An aspect of an embodiment of the present invention provides a method to automatically derive answers to the questions of two clinical functional assessment instruments activities of daily living (ADLs), and all but one of the instrumental activities of daily living (IADLs) relying on sensors targeting the side-effects of the activities. This method may comprise: 1) date and time stamping sensor firings; and 2) setting a set of rules method where the spatio-temporal relationships of sensor firings are examined and analyzed to infer the occurrence of activities of interest. Theses rules may include at least one of the following: a rule to automatically bathing/showering; a rule to automatically detect dressing; a rule to automatically detect toileting events; a rule to automatically detect the ability to ambulate (get out of bed/chair); a rule to automatically detect problems in controlling bladder and/or bowels; a rule to automatically detect the ability to feed oneself; a rule to automatically detect the ability to get to places outside of walking distance; a rule to automatically detect the ability to shop for groceries; a rule to automatically detect the ability to prepare meals; and a rule to automatically detect the ability to do house work.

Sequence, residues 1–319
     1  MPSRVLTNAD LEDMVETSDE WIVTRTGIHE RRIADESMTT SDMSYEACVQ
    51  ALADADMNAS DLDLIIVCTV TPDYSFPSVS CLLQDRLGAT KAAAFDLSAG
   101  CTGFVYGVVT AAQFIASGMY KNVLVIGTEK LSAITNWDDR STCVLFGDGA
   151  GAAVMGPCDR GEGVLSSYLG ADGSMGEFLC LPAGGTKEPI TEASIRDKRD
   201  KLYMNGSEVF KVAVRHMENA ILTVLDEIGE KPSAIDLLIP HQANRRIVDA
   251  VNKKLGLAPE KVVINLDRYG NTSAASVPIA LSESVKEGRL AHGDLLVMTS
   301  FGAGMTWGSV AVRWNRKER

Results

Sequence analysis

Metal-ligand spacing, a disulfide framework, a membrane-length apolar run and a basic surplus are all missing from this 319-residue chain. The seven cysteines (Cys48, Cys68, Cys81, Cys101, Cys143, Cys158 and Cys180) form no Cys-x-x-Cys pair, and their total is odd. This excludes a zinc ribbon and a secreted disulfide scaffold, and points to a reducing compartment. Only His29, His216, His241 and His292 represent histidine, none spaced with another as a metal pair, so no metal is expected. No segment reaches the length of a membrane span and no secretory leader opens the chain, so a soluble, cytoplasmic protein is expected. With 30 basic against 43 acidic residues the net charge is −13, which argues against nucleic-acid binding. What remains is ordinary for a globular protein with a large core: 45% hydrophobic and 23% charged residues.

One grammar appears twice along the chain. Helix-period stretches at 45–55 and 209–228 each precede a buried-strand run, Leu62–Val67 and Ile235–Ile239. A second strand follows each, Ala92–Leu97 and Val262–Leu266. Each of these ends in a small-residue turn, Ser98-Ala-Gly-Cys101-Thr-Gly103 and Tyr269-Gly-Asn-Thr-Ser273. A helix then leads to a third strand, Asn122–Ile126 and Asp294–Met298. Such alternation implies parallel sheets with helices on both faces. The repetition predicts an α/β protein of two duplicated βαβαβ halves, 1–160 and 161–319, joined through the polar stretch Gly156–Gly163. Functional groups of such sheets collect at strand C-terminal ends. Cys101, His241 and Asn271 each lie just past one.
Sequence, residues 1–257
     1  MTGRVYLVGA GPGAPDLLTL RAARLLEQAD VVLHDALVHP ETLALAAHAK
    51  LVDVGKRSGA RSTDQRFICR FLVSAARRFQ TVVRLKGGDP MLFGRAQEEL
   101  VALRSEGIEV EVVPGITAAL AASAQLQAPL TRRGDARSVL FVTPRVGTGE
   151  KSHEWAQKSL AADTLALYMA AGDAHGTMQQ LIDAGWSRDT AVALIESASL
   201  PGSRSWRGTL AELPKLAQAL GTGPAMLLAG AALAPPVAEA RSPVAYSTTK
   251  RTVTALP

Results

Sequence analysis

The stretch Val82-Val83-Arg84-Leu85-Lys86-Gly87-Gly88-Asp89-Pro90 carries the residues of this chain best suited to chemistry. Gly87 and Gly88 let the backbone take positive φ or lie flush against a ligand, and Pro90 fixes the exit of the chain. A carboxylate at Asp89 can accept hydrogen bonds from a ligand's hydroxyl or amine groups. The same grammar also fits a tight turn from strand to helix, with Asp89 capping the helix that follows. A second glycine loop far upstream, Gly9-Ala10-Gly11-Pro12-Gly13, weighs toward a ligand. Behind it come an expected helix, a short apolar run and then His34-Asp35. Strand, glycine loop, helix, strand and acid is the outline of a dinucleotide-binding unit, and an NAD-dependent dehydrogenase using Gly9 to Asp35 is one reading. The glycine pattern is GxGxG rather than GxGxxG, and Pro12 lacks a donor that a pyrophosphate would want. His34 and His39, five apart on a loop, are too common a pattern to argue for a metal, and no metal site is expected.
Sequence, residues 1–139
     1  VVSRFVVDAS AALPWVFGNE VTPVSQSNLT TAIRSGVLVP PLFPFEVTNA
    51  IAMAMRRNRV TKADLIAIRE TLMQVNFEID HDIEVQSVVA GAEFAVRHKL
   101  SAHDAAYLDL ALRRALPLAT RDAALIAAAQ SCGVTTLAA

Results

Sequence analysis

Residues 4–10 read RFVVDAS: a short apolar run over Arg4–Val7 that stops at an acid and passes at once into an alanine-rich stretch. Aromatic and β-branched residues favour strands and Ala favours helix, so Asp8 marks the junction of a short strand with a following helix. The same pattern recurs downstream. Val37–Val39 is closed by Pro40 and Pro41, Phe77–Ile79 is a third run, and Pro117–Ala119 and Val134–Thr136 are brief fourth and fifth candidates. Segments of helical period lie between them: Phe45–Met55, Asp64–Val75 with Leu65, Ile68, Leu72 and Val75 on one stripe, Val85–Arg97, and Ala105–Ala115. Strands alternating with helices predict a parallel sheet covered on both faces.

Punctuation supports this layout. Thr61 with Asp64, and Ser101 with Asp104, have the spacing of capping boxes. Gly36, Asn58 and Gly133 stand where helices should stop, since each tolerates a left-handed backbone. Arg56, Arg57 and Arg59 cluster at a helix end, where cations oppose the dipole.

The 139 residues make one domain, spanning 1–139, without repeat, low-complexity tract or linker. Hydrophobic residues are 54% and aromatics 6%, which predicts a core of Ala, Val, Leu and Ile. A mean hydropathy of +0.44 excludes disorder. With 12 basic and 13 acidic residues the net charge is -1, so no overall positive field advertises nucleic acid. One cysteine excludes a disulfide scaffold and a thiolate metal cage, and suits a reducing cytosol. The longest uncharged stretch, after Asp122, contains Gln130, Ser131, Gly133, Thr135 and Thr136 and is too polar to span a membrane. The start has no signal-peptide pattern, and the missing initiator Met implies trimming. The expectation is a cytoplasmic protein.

An aspect of an embodiment of the present invention provides a system to automatically derive answers to the questions of two clinical functional assessment instruments activities of daily living (ADLs), and all but one of the instrumental activities of daily living (IADLs). This system may comprise: 1) a sensor module, wherein the sensor module targets the side-effects of the activities; and 2) a processor module, the processor module programmed to a) date and time stamp sensor firings; and b) set a set of rules where the spatio-temporal relationships of sensor firings are examined and analyzed to infer the occurrence of activities of interest. These rules may include at least one of the following: a rule to automatically bathing/showering; a rule to automatically detect dressing; a rule to automatically detect toileting events; a rule to automatically detect the ability to ambulate (get out of bed/chair); a rule to automatically detect problems in controlling bladder and/or bowels; a rule to automatically detect the ability to feed oneself; a rule to automatically detect the ability to get to places outside of walking distance; a rule to automatically detect the ability to shop for groceries; a rule to automatically detect the ability to prepare meals; and a rule to automatically detect the ability to do house work.